Guide to Supporting the Mental Health of Employees
The numbers are in. We know that employees everywhere are struggling with their mental health. Based on our survey of 11,000 employees, a staggering 45% felt anxious at work. So, how can you support the mental health of your employees? WorkScore have put together three ways to do just that.
The challenge of a highly stressful workplace
There’s a worrying trend when it comes to the mental wellbeing of workers in Australia. According to our research, a quarter of employee’s rate feeling depressed whilst a staggering 45% rated that they had frequently felt anxious.
What’s even more worrying is that work seems to be adding to the distress of employees. A third of employees rate their work-life balance as poor and 78% frequently experience stress. Additionally, close to 50% of employees find it hard to switch off from work.
An astounding one in five Australians will experience a mental-health problem this year, however you may never know as many are suffering in silence – especially in the workplace.
Investing in workers’ mental health is good for business since mental health issues costs the Australian economy of nearly $30 billion per annum. Yet, for some reason, we still can’t seem to talk about mental ill health at work.
It’s time to stop ignoring the problem.
How to support the mental health of your workers
At WorkScore, we know the most engaged workforces are those who have mentally healthy employees. So, we’re helping you to support the mental health of your workers with these three steps:
1. Create a positive work culture
We live in a modern paradox. In all our effort to be on top of work, we seem to be impairing our ability to perform effectively. That’s where a work culture that promotes a balanced view of completing tasks and switching off becomes vital.
To reduce work-induced stress, promote the following:
Managing time effectively: Protect the downtime of your employees by helping them understand the boundaries you expect. Emphasise that there is no expectation for them to work all hours. Help them to prioritise urgent tasks and leave off anything that can wait until the following day.
Communicating openly: A sense of belonging and self-worth, much like stress, is a primal feeling. Poor communication causes confusion, uncertainty and even conflict. It prevents workers from feeling a sense of community which leads to stress.
Cultivating a sense of purpose: Provide spaces that allow your employees to discover meaning in their work. Give them access to tools such as digital assessments or personal exploration exercises that will encourage reflection. Consider offering mentoring programs, as this may help your employees find deeper meaning and satisfaction in their work.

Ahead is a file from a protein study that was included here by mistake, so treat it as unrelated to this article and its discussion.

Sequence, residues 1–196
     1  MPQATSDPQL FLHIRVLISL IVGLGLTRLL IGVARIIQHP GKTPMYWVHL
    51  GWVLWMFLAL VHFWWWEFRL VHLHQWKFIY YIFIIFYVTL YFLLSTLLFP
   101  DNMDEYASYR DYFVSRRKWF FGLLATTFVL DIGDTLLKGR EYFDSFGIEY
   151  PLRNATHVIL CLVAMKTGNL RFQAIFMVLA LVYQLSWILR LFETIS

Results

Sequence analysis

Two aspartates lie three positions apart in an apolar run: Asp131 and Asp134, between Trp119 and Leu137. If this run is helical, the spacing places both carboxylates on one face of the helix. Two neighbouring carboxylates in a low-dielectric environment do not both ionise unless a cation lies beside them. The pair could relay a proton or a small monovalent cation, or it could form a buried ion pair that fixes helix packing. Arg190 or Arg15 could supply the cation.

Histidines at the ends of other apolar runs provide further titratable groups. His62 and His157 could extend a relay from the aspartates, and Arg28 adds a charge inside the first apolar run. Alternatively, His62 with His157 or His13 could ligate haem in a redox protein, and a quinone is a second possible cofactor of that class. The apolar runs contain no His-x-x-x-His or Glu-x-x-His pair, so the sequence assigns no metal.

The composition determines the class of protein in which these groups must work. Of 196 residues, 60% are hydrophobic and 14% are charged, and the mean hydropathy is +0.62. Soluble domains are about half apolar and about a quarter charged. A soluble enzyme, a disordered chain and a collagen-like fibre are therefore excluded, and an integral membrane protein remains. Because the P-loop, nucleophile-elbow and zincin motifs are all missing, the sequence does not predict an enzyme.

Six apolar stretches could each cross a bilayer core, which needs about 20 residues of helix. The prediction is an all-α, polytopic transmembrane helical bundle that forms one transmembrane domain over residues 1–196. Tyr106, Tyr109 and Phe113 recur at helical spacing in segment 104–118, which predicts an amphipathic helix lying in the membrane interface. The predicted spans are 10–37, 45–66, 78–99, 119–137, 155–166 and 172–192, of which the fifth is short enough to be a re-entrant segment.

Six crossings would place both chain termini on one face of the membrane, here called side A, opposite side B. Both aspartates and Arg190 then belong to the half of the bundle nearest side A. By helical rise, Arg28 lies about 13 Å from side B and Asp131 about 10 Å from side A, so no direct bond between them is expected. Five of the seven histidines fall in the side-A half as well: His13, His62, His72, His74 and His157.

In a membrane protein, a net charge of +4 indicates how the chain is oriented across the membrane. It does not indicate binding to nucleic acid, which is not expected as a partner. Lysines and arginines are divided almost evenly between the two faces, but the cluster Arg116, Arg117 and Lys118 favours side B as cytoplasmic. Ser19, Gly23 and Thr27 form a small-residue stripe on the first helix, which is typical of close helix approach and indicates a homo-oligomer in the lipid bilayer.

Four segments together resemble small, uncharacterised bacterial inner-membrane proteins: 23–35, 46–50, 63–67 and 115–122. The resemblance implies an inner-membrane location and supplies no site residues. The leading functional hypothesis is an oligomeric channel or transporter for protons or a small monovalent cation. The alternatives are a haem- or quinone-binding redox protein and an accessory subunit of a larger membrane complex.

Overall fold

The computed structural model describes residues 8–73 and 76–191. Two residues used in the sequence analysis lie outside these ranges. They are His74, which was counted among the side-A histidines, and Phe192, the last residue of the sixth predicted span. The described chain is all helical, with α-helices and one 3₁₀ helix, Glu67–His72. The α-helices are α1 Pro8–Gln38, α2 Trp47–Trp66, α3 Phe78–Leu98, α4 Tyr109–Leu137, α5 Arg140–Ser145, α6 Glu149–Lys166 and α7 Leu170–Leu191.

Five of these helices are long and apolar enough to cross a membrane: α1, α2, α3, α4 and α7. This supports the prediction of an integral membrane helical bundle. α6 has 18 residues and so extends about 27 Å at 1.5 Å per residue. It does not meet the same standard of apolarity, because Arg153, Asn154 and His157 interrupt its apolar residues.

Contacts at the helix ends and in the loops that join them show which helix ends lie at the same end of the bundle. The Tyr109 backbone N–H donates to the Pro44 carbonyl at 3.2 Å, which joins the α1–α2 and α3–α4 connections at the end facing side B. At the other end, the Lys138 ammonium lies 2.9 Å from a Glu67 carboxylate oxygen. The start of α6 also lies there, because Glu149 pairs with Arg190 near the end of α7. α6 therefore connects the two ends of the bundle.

2. Develop a supportive work environment
Imagine if we could discuss our mental health issues as openly and confidently as we discuss coming down with a bout of flu? Workplace support and openness is crucial to the ongoing dismantling of the stigma surrounding mental health.You can create a supportive workplace by:
Observing and responding to unusual behaviour: Be alert to signs that a worker or colleague might be going through a tough time. If you observe something, initiate a conversation. But remember that your job is not to counsel them, just listen and offer support.
Launching helpful resources: Train managers on how to handle what could be a tricky conversation. Also, make sure that your employees know where to go if they need professional support for themselves or a colleague. Assess whether you provide sufficient information, programs and services for any staff who might be suffering from a mental health condition. Address any resource gaps you identify.
3. Establish a wellbeing program
With one in five Australians suffering from a mental health condition like anxiety or depression in any twelve-month period, it is imperative that employers focus on developing mentally healthy workplaces. The best way to achieve this is to set up a wellbeing program.
A tailored wellbeing program will help your workers in:
Setting good eating habits: Research points to a clear connection between our gut and mental health. The lack or abundance of essential nutrients can increase or reduce anxiety-related behaviour. Boost your efforts to get your workers eating healthier by starting a wellbeing program that offers information, strategies and ways to measure and improve their diets.
Getting active: It’s not a secret that increasing physical activity reduces mental health issues including stress, anxiety and depression. By introducing a wellbeing program that offers your employees with handy tips on how to stay active during and after the work day, you’ll help them avoid the most common work-related mental health problems.
Using mindfulness techniques: A good wellbeing program must not only look after the physical wellbeing of your employees. The best program should offer a holistic approach. Make sure your wellbeing program includes activities, suggestions and ideas on being mindful and maintaining a healthy mindset while at work.